Anal continence is a complex mechanism: As we eat, food is digested by our stomach then by our intestine to reach the last part named rectum.
Two sphincters close the rectum: an internal one with an involuntary control and an external one with a voluntary control. As the stools arrive in the rectum, it distends the wall which is supposed to trigger the need to go to the loo. When it is not possible to go, a voluntary contraction, of the external sphincter and of another pelvic floor muscle named pubo-rectal muscle, diminishes the need. Then, after a while, the internal sphincter also contract but involuntary, allowing us not be forced to voluntary contract the external sphincter all the time without having to rush to the loo.
However, when the external sphincter or other pelvis muscles are torn, the voluntary contraction is not possible anymore. Consequently, the time between the stools entering the rectum and having to exit is drastically shortened, we speak of anal incontinence. Rectum works as a tank collecting stool allowing a delayed elimination. However, if the rectal compliance is reduced, this tank is smaller and can’t conserve the stools compiling to eliminate them more frequently. On the opposite, if the rectal compliance is increased or if the rectal sensibility is impaired, stools will accumulate leading to anal incontinence by overflow. Rectum static dysfunctions are often the source of anal incontinence. For exteriorised prolapse (in very long labour or following use of forceps) anal incontinence is also frequent.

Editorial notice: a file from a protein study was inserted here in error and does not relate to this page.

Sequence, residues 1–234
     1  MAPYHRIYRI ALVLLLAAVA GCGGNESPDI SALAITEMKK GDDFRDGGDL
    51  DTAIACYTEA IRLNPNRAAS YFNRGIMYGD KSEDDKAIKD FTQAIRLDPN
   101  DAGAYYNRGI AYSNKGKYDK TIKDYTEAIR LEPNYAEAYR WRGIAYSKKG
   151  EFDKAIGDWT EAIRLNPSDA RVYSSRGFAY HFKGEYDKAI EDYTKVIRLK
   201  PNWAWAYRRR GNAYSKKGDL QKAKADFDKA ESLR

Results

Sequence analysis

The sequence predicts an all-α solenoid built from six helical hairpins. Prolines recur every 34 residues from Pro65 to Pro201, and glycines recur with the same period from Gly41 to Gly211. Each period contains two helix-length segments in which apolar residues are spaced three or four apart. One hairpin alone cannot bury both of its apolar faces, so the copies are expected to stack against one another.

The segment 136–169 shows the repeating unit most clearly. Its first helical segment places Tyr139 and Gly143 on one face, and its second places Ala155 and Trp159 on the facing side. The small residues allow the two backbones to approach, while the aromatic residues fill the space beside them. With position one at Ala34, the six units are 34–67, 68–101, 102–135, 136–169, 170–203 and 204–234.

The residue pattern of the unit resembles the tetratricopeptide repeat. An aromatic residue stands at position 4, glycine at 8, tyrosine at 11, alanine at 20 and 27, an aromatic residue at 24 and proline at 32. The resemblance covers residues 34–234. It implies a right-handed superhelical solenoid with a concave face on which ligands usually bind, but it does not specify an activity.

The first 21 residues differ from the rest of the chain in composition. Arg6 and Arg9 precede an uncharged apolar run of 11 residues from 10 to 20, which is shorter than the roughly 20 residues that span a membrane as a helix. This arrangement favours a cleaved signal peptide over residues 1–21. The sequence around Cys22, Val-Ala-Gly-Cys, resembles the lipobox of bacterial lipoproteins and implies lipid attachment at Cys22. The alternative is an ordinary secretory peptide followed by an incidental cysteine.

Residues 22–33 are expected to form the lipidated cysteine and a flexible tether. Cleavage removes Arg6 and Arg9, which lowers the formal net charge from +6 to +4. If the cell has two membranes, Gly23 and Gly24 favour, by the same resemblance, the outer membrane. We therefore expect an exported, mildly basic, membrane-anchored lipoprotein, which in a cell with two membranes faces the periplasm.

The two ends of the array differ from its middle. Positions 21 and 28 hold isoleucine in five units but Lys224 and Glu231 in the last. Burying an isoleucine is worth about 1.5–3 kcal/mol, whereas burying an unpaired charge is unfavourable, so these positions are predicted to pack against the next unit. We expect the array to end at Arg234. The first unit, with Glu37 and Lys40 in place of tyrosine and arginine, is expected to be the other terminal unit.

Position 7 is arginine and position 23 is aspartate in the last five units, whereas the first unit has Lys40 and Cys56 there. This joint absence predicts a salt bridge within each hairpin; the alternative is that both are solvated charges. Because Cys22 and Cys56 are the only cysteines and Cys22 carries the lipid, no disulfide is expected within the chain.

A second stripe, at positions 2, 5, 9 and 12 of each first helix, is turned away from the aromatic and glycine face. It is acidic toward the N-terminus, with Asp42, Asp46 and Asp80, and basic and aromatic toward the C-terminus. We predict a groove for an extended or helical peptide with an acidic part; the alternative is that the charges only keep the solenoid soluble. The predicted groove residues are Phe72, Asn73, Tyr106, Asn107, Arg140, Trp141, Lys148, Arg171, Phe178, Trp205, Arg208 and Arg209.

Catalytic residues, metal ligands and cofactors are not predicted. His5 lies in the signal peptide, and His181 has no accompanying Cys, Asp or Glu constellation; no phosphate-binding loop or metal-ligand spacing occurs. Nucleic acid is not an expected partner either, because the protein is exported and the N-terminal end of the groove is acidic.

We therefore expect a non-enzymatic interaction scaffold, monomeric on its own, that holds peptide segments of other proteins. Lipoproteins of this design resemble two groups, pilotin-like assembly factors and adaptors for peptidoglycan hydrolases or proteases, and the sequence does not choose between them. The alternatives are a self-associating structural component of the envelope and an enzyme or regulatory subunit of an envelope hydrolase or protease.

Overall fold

To understand better the mechanism of anal incontinence and prolapse, have a look at our article about pelvic floor anatomy to understand where is what and how it works!